Meanwhile, in this embodiment, when the toroidal lens 45 has been secured to the bottom wall 81, the positioning projections 81d' and 81e', the lugs 45g and 45h and the positioning projection 81f' are arranged substantially in a line in the longitudinal direction of the toroidal lens 45. Thus, the toroidal lens 45 can be positively fixed to the bottom wall 81. Furthermore, since the toroidal lens 45 is movably supported except for the above mentioned positioning projections 81d', 81e' and 81f' and the lugs 45g and 45h, the toroidal lens 45 is held at the set position on the bottom wall 81 highly accurately against deformation of the components of the optical unit 20 due to change of temperature in the printer housing H and is desirably not subjected to stress produced by deformation of the components of the optical unit 20.

The optical elements of the present invention are not restricted to the spherical mirror 55 and the toroidal lens 45 of the first and second embodiments and can be changed variously. For example, the present invention may be applied to the cylindrical lens 31 in place of the spherical mirror 55.

Although the present invention has been fully described by way of example with reference to the accompanying drawings, it is to be noted here that various changes and modifications will be apparent to those skilled in the art. Therefore, unless otherwise such changes and modifications depart from the scope of the present invention, they should be construed as being included therein.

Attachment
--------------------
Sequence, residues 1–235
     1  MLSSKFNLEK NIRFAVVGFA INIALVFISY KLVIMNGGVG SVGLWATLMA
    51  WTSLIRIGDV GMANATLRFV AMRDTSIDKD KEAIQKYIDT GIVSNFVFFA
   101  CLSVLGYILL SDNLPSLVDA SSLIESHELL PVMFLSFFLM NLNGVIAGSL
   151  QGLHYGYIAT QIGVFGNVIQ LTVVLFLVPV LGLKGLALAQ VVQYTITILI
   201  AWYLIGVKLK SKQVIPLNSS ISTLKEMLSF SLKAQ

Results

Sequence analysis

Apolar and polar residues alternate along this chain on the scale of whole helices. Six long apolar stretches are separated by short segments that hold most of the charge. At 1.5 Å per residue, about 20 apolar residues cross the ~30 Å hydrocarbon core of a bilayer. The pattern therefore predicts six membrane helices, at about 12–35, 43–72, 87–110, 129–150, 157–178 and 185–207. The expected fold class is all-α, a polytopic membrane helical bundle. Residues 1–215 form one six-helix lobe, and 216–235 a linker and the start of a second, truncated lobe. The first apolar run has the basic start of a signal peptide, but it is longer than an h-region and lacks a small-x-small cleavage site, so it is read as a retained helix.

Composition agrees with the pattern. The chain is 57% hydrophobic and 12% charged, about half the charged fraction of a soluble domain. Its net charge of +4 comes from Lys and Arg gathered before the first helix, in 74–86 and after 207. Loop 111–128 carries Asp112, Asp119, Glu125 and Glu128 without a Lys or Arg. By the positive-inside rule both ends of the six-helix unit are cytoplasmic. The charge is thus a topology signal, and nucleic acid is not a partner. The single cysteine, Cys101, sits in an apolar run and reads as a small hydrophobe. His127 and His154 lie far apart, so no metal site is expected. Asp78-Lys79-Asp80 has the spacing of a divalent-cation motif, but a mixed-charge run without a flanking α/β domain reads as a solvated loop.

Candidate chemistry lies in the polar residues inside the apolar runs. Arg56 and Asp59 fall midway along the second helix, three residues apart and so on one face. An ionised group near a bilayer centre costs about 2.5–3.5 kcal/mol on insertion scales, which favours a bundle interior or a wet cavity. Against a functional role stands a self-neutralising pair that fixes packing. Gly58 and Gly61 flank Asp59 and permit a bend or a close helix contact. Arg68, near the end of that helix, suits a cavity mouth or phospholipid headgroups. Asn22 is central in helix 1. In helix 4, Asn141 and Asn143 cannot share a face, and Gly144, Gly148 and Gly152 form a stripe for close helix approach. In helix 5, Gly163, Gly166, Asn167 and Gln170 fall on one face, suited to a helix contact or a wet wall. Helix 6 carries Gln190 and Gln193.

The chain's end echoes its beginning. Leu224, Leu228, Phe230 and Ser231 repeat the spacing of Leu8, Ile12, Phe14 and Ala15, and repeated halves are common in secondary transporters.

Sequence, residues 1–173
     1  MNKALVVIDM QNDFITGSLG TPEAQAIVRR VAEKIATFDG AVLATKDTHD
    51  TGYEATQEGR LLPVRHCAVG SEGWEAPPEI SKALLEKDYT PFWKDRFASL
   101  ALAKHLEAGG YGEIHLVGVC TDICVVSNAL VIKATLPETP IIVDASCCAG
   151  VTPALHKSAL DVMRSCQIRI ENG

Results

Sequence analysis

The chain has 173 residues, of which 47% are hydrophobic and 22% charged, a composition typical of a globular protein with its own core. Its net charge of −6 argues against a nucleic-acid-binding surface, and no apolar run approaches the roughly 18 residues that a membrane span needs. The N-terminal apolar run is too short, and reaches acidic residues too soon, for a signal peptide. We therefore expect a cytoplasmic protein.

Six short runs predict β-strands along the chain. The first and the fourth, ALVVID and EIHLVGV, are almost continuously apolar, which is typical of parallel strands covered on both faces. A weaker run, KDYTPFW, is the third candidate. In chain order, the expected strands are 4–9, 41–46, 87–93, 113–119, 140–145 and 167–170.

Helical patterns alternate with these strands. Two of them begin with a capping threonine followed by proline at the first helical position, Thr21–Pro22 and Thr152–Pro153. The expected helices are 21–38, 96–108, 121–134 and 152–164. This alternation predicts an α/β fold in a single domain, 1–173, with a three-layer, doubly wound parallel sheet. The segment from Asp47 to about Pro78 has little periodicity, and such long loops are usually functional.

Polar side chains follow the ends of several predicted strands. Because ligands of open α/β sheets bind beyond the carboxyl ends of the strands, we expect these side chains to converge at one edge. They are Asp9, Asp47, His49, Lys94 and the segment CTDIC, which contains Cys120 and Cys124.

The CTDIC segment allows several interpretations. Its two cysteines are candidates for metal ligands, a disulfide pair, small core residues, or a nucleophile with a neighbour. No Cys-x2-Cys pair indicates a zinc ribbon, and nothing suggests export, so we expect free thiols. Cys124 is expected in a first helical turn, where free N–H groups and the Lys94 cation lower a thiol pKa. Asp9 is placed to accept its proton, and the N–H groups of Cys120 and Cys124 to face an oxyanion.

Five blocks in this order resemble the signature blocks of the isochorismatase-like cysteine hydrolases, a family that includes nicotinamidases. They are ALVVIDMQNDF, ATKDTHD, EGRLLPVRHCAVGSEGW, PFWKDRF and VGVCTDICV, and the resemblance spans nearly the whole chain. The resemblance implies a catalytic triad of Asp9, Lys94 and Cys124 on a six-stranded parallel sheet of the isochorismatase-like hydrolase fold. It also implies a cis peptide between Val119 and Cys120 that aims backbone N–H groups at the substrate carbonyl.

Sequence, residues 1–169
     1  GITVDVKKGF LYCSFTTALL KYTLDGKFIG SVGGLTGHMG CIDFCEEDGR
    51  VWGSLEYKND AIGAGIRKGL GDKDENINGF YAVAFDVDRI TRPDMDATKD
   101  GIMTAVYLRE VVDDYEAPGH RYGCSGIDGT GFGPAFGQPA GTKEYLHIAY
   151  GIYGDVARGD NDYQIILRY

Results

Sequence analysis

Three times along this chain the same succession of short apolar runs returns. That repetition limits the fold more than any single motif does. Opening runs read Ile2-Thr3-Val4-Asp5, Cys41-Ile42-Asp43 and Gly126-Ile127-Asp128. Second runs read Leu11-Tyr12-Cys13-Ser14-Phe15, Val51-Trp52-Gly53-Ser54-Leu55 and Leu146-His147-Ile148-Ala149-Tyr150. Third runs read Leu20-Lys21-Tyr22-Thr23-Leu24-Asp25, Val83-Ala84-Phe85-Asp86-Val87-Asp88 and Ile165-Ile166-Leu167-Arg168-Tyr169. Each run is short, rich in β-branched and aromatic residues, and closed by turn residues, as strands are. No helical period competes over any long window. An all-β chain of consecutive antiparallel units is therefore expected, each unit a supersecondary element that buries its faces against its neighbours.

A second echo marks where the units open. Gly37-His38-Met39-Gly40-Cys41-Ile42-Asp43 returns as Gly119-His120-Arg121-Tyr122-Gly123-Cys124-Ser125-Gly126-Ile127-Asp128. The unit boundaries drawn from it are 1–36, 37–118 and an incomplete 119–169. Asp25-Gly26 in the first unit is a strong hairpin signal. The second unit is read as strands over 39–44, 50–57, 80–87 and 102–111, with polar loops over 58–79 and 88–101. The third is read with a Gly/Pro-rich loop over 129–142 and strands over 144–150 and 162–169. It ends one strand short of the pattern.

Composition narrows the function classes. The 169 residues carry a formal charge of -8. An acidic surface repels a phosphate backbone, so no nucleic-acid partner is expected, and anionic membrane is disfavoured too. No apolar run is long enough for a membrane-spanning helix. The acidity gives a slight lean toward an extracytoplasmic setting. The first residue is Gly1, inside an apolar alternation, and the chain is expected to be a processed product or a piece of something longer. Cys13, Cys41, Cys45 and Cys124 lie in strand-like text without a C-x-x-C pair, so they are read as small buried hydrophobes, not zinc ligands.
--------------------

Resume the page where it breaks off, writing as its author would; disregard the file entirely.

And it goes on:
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Referenced by
Citing PatentFiling datePublication dateApplicantTitle
US5721644 *Sep 24, 1996Feb 24, 1998Gerber Optical, Inc.Apparatus and method for attaching a finishing block to a lens
US5889606 *Sep 25, 1996Mar 30, 1999Canon Kabushiki KaishaScanning optical apparatus
US7801005Sep 21, 2010Samsung Electronics Co., Ltd.Apparatus and method for measuring signal quality
US7936494 *May 3, 2011Ricoh Company, LimitedOptical scanning device and image forming apparatus
US20040000847 *Feb 10, 2003Jan 1, 2004Igal LadabaumMicrofabricated ultrasonic transducers with curvature and method for making the same
US20050083822 *Sep 1, 2004Apr 21, 2005Samsung Electronics Co., Ltd.Apparatus and method for measuring signal quality
US20050190999 *Feb 10, 2005Sep 1, 2005Renishaw PlcBearing arrangement
US20060164504 *Jan 18, 2006Jul 27, 2006Kazuhiko KobayashiOptical scanner, image forming apparatus, and optical scanner attitude correcting method
US20100278027 *Nov 4, 2010Samsung Electronics Co., Ltd.Apparatus and method for measuring signal quality
US20110012983 *Jan 20, 2011Akhisa ItabashiOptical scanning device and image forming apparatus
Classifications
U.S. Classification359/818, 359/819, 359/207.1, 359/711
International ClassificationH04N1/113, G02B5/10, G02B26/10, G02B26/12
Cooperative ClassificationG02B5/10, H04N1/1135, G02B26/126, G02B26/10
European ClassificationH04N1/113B, G02B5/10, G02B26/12F2
Legal Events
DateCodeEventDescription
Mar 25, 1996ASAssignment
Owner name: MINOLTA CO., LTD., JAPAN
Free format text: CHANGE OF NAME;ASSIGNOR:MINOLTA CAMERA KABUSHIKI KAISHA;REEL/FRAME:007863/0957
Effective date: 19940701
Jul 12, 1999FPAYFee payment
Year of fee payment: 4
Jul 1, 2003FPAYFee payment
Year of fee payment: 8
Jun 29, 2007FPAYFee payment
Year of fee payment: 12